Companies that have grown their operating margins faster than their competitors were putting twice as much emphasis on business model innovation as under-performers.
The report highlights the surprising finding that the second most common type of business model innovation is strategic alliances (see the figure to the right). A quote from one of the interviewed CEOs succinctly explains why this is:
“We need to develop a business model based on strategic partnerships that creates value not just for our company , but also for the industry as a whole. We cannot do everything in this era of specialization.” — unnamed CEO
Companies, of course, have many tools with which they can compete, and it is perhaps not surprising that they are choosing to innovate across different disciplines. Corporate innovation is not confined to product development, as discussed many places (Doblin, niblettes, Dave Pollard).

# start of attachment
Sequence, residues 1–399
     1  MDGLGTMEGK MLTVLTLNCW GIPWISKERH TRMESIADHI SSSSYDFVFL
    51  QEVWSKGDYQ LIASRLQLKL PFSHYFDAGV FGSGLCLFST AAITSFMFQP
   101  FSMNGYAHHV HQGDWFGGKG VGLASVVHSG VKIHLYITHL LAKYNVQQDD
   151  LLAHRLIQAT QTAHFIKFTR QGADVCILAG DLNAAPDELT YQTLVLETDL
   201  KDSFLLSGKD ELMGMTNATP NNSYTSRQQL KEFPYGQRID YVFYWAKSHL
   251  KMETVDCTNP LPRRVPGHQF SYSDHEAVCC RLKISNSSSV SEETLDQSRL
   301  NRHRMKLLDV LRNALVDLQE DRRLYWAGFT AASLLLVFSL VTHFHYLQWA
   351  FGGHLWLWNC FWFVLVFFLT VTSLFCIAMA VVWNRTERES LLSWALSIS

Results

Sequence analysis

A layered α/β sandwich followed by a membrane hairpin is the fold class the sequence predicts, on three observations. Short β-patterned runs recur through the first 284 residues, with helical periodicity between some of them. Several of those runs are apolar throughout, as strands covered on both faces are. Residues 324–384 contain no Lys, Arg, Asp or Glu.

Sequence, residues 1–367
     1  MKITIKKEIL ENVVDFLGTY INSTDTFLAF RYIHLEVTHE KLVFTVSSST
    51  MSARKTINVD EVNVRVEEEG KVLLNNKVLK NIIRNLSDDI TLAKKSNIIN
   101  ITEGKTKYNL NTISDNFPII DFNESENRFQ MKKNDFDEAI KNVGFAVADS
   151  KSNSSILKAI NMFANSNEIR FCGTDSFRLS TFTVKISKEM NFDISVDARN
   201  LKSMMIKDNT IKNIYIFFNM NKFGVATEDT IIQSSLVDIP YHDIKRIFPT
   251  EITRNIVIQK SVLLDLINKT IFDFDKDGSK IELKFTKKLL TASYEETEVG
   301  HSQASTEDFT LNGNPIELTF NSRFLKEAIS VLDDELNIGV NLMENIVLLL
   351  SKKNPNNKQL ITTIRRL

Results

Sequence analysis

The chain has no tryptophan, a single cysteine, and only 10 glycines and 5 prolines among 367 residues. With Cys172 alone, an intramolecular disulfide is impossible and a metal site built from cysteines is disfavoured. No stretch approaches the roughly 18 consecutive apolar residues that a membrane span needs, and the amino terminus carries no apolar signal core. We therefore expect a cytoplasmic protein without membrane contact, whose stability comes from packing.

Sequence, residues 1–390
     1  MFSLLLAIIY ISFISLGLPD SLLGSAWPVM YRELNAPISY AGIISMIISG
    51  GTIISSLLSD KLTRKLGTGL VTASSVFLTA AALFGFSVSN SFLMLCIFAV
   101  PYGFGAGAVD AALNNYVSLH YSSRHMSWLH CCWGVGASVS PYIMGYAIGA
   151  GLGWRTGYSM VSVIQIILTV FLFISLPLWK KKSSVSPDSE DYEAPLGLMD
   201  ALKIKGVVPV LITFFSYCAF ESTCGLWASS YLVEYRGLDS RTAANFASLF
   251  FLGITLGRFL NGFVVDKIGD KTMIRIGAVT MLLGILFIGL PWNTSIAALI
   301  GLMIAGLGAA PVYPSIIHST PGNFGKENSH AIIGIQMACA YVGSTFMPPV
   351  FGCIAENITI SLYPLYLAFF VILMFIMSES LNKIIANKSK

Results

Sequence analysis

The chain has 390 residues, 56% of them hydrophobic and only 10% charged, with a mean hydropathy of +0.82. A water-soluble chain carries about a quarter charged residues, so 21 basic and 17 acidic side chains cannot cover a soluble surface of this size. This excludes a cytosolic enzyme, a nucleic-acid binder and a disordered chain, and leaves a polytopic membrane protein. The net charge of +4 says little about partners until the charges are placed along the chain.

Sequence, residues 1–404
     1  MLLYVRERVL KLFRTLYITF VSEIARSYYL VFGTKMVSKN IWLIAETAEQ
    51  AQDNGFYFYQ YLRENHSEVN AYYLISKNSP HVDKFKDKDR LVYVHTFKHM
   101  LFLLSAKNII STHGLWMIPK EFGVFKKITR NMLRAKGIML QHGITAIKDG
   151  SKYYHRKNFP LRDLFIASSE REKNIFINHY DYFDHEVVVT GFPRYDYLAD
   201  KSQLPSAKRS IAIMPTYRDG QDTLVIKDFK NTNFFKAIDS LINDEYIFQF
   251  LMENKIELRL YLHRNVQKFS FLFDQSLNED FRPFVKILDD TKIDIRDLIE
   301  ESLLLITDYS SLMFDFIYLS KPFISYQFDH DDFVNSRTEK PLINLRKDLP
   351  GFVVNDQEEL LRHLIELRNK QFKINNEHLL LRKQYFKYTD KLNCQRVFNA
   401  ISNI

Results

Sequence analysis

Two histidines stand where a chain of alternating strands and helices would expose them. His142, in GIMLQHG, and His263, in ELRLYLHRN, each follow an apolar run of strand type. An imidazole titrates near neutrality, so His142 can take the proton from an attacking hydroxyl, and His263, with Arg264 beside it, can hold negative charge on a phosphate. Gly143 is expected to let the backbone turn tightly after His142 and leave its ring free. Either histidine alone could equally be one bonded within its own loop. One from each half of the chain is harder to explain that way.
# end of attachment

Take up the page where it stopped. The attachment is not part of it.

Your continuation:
External collaboration is key
One of the most interesting findings is that companies are placing a high priority on external alliances to develop innovation. External business partners, customers, and competitors placed highly in the CEOs’ ranking of sources for innovative ideas.
The report saw a correlation between willingness to use ideas from external sources and company performance. Collaborative activities with external sources were positively correlated with revenue growth and average operating margin. Also:
Companies with higher revenue growth reported using external sources significantly more than slower growers. One CEO declared bluntly: “If you think you have all the answers internally, you are wrong.”
The report relayed the frustration of several CEOs with the difficulty of being able to execute on external collaborations. Talking about collaboration is easy, doing so is hard. This relates to a constant theme in innovation: it requires a well defined and rigorous internal process. Collaboration with external companies—possibly even competitors—is an even more difficult process to execute for many obvious reasons.